LONDON, Sept 4 (Reuters) - Britain’s healthcare cost watchdog has recommended a drug to treat a rare blood disease from U.S. biotech group Alexion Pharmaceuticals, even though it said the medicine was “very expensive”.
In March, the National Institute for Health and Care Excellence (NICE) had sought more information from the company explaining the high price of Soliris.
The medicine is designed to treat two rare chronic genetic conditions that can damage organs including the kidneys, heart and brain. NICE said it would cost 340,200 pounds ($560,500) per adult patient in the first year and 327,600 pounds thereafter.
The draft guidance from NICE, which is now open to consultation, covers use of Soliris in a condition called atypical Haemolytic Uraemic Syndrome (aHUS) that causes severe inflammation of blood vessels.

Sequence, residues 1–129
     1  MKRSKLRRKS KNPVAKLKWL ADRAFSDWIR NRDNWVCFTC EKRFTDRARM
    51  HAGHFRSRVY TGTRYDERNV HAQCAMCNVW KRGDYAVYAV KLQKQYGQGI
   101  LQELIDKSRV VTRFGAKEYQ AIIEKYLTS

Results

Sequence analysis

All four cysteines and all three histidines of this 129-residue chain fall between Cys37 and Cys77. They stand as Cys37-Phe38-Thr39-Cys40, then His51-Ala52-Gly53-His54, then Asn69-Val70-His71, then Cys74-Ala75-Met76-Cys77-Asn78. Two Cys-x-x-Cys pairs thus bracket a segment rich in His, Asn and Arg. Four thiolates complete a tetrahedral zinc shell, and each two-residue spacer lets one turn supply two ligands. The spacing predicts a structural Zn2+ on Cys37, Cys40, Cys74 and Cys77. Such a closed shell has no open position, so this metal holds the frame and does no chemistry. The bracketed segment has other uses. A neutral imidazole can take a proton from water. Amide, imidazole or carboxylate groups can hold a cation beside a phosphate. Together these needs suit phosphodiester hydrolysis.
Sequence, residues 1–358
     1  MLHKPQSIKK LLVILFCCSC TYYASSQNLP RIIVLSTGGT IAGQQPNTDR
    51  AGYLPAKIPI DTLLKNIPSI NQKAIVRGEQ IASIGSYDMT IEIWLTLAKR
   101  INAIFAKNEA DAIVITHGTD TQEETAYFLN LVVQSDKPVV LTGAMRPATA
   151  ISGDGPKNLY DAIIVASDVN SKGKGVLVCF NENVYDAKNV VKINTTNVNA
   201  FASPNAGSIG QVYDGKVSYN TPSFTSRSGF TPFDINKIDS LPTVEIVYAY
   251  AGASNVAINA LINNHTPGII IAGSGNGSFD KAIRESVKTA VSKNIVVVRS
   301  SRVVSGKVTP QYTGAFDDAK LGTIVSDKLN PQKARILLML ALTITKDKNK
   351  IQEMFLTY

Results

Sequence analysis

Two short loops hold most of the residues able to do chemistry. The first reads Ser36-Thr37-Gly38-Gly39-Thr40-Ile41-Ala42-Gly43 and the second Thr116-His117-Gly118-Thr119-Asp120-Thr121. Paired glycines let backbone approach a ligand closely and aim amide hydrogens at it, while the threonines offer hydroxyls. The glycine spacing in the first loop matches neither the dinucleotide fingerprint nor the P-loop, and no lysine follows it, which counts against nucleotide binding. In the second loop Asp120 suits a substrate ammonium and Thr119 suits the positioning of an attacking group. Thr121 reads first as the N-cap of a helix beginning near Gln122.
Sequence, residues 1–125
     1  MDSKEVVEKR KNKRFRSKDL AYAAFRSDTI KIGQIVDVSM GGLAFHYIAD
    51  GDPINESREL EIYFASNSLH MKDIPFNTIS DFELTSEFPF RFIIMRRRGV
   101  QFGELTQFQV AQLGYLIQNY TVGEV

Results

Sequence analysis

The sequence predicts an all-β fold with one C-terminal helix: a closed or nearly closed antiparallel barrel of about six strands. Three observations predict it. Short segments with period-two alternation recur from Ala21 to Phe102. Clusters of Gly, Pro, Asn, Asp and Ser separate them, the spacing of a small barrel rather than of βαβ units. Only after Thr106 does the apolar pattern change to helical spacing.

“From the available evidence and from the testimony of clinicians and patients, families and carers, it is clear that eculizumab is a significant breakthrough in the management of aHUS,” said NICE’s chief executive Andrew Dillon. “The drug is, however, very expensive.”
Funding Soliris - also known as eculizumab - for the around 200 patients in England it could benefit would cost an estimated 58 million pounds in the first year, rising to 82 million pounds a year in five years time, NICE added. ($1 = 0.6069 British Pounds) (Reporting by Ben Hirschler, editing by Louise Heavens)